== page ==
cast paper relief diptych, ed. 53/90
38 x 24 inches (framed, each)
Louise Nevelson, a leading sculptor of the twentieth century, pioneered site-specific and installation art with her monochromatic wood sculptures made of box-like structures and nested objects. Nevelson emigrated with her family from czarist Russia to the United States in 1905, settling in Rockland, Maine. By 1920, she had moved to New York City, where she studied drama and later enrolled at the Art Students League. Throughout the early 1930s, Nevelson traveled across Europe and briefly attended Hans Hofmann’s school in Munich, returning to New York in 1932 where she studied once again with Hofmann. She received her first one-person exhibition at the Nierendorf Gallery, New York, in 1941—the first of several with the gallery throughout a decade punctuated by travels to Europe, explorations in printmaking, and work at the Sculpture Center in New York. By the late 1940s and early 1950s, Nevelson had traveled to Guatemala and Mexico to view Pre-Colombian art and began to produce a series of wood landscape sculptures.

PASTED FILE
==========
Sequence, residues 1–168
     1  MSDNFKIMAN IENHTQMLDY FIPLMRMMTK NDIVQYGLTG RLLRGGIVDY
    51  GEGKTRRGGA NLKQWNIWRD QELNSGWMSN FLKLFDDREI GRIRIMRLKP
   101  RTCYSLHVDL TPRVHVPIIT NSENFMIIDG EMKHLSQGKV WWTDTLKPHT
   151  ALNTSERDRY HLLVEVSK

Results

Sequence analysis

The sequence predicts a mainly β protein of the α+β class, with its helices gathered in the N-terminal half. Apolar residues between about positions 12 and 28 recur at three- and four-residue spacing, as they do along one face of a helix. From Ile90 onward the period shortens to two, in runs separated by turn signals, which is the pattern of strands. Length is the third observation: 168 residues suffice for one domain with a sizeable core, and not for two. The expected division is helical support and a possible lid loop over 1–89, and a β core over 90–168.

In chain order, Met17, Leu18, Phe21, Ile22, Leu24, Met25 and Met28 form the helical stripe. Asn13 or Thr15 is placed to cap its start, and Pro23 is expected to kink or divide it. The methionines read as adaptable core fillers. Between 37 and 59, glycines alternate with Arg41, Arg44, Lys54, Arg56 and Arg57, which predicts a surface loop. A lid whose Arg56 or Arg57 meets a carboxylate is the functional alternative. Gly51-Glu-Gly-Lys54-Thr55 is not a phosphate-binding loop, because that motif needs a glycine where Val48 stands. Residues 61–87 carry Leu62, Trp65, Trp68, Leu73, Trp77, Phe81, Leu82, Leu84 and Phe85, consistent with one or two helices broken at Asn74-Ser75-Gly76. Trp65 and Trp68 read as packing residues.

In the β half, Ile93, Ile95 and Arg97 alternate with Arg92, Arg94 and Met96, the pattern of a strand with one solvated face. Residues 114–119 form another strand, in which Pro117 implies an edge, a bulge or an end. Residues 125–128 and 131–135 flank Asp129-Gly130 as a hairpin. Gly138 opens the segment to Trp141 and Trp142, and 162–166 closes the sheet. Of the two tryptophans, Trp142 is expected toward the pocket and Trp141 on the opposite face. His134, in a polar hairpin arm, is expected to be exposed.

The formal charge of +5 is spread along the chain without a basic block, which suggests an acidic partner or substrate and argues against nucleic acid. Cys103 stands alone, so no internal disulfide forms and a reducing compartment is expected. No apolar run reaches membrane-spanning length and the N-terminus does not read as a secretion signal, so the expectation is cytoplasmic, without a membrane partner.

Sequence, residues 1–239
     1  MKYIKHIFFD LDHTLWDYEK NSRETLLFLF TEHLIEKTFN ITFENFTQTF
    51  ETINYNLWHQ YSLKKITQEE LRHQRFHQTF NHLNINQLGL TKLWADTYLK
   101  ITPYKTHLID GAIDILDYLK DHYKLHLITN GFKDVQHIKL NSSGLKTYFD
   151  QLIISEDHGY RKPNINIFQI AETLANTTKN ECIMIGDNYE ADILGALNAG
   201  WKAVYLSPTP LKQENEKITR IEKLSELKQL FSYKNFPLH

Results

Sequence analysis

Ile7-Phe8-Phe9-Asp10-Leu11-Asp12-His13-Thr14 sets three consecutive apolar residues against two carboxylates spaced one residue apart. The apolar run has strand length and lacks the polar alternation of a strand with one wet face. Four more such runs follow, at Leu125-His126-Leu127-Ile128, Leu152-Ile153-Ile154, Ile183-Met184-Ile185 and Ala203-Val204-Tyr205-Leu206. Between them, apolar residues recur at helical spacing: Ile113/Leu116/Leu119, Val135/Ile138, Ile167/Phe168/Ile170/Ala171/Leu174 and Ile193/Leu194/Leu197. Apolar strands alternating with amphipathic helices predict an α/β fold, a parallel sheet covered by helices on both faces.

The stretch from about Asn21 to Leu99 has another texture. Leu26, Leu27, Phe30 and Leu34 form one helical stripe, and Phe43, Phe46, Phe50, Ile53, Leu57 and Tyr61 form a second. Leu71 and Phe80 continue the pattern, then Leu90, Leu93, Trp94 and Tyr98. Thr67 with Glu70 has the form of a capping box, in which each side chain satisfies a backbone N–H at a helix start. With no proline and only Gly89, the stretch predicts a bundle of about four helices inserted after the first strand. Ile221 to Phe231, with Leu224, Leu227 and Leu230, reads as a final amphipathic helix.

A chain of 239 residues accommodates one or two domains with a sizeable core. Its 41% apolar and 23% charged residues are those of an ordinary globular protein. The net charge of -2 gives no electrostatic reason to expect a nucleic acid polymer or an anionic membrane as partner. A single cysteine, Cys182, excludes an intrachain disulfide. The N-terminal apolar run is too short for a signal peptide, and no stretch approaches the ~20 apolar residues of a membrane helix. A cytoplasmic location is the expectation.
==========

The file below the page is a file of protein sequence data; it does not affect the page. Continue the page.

In 1977, Nevelson was commissioned to create a sculpture titled “Sky Gate” for the North Tower of the World Trade Center in New York. She was inspired by a New York skyline view during a flight from New York to Washington. She intended to capture the “windows of New York” among its skyline. The sculpture was destroyed during the September 11 attacks. In “Sky Gate II”, Nevelson used a cast paper technique where paper fiber and pulp fills a mold to create a relief. The depth and dimensions are similar to her work in sculpture, completed in her signature monochromatic white.